How to See the Northern Lights in Iceland
Seeing the northern lights is a bucket list item for many and Iceland, with its dramatic landscapes, lava fields and volcanoes, is an excellent place to realise this dream. In this guide we look at when and where to go, where to stay and how to see the northern lights in Iceland.
Winter is the best time for spotting the aurora. To maximise your chances, visit between early September and late April, with December having the longest nights. Whichever month you choose, head out of town and away from light pollution to places like Thingvellir National Park to increase your chances.
Where to go in Iceland to See the Northern Lights
Among the best places to visit if seeing the northern lights is on your wishlist is the volcanic Northern Iceland with its breathtaking landscapes. However, there are many places across the country to consider. Bear in mind that, while they have a lot to offer in terms of culture and entertainment, cities like Reykjavik won’t offer you encounters with the aurora, due to light pollution.
Once you’ve had your fill of city life, head to the east to Jökulsárlón glacier lagoon near Vatnajökull National Park. Here, the stunning glacial surroundings make the perfect companion to the dancing northern lights, should you be fortunate enough to see them. One of our favourite spots is Torfhús Retreat where you can relax in your own geothermically heated pool as you gaze up at the skies. But Iceland has no shortage of special places from which to look for the northern lights:
Towards the south of the country, deep in the highlands lies Midgard a comfortable place to escape to for snowy adventures and northern lights hunting. If you’re spending most of your time in Reykjavik, you can head out on boat trips, but not far outside the city Þingvellir National Park also gives you a decent chance to spot the lights. The log-cabin Ranga Hotel has an observation deck that is great for stargazing, but also perfect for spotting the aurora. Reynisfjara black sand beach near Vik boasts dramatic views and is well-worth the visit whether you’re hoping to see the spectacular light phenomenon or not.
How to See the Northern Lights in Iceland
Getting to see the northern lights in person is a truly special experience, and how you choose to do so only adds it. You may find you need to head out into a more remote area to better your chances of seeing them, and depending on where you find yourself, that may be on foot, snowmobile or even a cruise.
1. Walking Northern Lights Tour
Step into some snow shoes and head out on foot through stunning otherworldly landscapes in the hopes of witnessing the northern lights painting the skies. This is the perfect way to fully appreciate your surroundings and feel thoroughly immersed in the experience.
2. Snowmobile Northern Lights Tour
Pick up the pace and chase the lights together with an experienced guide. Find yourself whizzing out into the snowy countryside in the fresh night air, hoping for perfect viewing conditions.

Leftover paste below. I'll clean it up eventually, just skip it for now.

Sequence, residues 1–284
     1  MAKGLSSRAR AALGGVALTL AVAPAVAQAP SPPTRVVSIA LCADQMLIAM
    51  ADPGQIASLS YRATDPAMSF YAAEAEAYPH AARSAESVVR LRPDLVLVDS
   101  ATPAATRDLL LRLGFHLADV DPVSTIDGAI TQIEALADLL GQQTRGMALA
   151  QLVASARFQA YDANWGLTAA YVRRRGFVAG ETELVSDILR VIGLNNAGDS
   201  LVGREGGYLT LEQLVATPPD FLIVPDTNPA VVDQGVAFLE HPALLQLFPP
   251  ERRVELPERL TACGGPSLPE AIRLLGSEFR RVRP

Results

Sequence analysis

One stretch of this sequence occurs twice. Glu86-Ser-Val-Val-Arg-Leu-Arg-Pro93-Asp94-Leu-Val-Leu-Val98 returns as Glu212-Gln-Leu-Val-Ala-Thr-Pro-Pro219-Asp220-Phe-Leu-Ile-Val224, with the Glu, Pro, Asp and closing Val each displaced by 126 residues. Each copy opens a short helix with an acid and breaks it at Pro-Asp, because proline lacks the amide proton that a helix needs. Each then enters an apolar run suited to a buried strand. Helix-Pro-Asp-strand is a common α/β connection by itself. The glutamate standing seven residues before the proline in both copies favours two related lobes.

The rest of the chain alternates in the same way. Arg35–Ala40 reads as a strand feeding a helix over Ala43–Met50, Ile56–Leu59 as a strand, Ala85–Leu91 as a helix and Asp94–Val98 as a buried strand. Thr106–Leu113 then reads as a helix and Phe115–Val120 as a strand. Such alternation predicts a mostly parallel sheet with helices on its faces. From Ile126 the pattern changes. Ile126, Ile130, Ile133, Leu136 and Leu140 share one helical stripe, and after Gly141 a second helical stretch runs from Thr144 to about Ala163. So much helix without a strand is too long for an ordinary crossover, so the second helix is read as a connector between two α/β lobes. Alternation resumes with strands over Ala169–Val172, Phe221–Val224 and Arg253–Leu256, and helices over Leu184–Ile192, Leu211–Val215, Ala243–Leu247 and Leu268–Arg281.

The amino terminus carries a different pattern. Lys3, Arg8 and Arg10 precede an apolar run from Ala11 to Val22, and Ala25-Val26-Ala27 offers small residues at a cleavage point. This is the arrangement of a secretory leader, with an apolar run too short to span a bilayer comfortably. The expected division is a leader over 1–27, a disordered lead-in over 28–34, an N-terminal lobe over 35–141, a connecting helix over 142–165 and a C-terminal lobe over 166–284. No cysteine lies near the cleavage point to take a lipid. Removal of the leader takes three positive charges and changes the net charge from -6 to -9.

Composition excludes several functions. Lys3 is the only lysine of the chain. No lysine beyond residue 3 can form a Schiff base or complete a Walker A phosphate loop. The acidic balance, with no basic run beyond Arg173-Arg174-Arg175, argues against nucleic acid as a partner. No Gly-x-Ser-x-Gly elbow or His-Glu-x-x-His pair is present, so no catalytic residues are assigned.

3. Northern Lights Cruise
Take a cruise along the coastline in a vessel like the Harpa Yacht, enjoying not only the city lights, but also heading further out to gaze into the starry night sky and wait for the northern lights to appear. On board there’s plenty of information about this phenomenon, and you also have the benefit of ensuring you’re away from the crowds for this special experience.
Places to Stay in Iceland to See the Northern Lights
Whether you’re looking for a homely apartment, a cosy Icelandic cottage or an opulent turf-roofed lodge, Iceland offers a variety of accommodation choices. We’ll find the perfect place for you to call home while exploring this incredible country. Here are some of our favourite options that are great for spotting the northern lights:
1. Hotel Grimsborgir (Golden Circle)
Settle into a deluxe chalet-style apartment with views of the snowy mountains. When you’re not out on glacier hikes or horseback rides through the countryside, relax in the hot tub on your private terrace while keeping an eye on the night skies.
2. Torfhús Retreat (Golden Circle)
When looking for the aurora, remote is best, and this snug hideaway is as far from city life as you could hope for. Located near the Golden Circle, the rugged scenery here makes for the perfect backdrop for the northern lights.
3. Deplar Farm (North Iceland)
In a remote valley in the middle of the Troll Peninsula, Deplar Farm is a luxurious lodge which offers incredible landscapes and thrilling activities year round. End your days under the glow of the northern lights with a little luck.
Northern Lights Forecasts for Iceland
It’s important to remember that the northern lights can be unpredictable and are completely dependent on the perfect weather conditions. In addition to pairing up with knowledgeable local guides, it’s a good idea to keep a close eye on northern lights forecasts to maximise your chances of seeing them.